New Caledonia: Macron Declares State of Emergency After Riots

Rebellion erupts after constitutional reform: local leaders fear it could diminish the importance of the indigenous vote

As of Tuesday, May 14, a state of emergency will come into effect in New Caledonia after riots rocked the Pacific Archipelago, a French territory east of Australia that Paris annexed in 1853 and to which it granted overseas territory status in 1946.

The protests were triggered by a constitutional reform that was contested by part of the population because it would reduce indigenous autonomy. Specifically, the reform would allow French residents, living in New Caledonia for 10 years, to vote in local elections, which local leaders say would make it less important and “onerous” for indigenous Kanak to vote.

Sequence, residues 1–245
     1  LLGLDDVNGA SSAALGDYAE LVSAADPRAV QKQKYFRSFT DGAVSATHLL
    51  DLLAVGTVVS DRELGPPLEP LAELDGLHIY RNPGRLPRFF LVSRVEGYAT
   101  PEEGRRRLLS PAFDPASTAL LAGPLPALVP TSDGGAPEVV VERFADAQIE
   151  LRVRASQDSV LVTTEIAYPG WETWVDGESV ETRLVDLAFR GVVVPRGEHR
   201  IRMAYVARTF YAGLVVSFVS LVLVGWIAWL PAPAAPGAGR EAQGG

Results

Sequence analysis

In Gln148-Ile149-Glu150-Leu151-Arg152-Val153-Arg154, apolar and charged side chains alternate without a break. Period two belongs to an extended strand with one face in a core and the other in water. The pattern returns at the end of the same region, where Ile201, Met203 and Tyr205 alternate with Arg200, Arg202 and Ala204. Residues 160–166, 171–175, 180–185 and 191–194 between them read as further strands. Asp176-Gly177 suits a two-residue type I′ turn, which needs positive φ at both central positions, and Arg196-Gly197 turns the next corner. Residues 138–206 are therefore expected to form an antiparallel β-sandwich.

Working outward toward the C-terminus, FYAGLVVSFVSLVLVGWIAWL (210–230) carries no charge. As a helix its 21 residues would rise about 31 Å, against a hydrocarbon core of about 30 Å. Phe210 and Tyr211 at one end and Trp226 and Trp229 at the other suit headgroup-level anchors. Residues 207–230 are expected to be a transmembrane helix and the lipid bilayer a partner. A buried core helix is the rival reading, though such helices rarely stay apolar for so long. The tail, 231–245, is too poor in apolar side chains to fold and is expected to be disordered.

The riot caused various acts of vandalism: burning of buildings, looting of stores, and the deaths of four people.

French President Emmanuel Macron therefore decided to act by declaring a state of emergency, placing some people under house arrest, banning TikTok, and sending law enforcement to the main island, where the police force contingent will increase from 1700 to 2700, including even some military personnel, to help regain control of the situation.

“An air bridge between France and the territory will allow for the rapid transfer of internal security forces, civilian and military reinforcements, and equipment to meet the basic needs of the population,” the French government said in a statement.

The measures in place include a ban on all meetings in the municipalities of Grand Nouméa, a ban on carrying and transportation of weapons, as well as a ban on the sale of alcohol, and the closure of La Tontouta airport to commercial flights.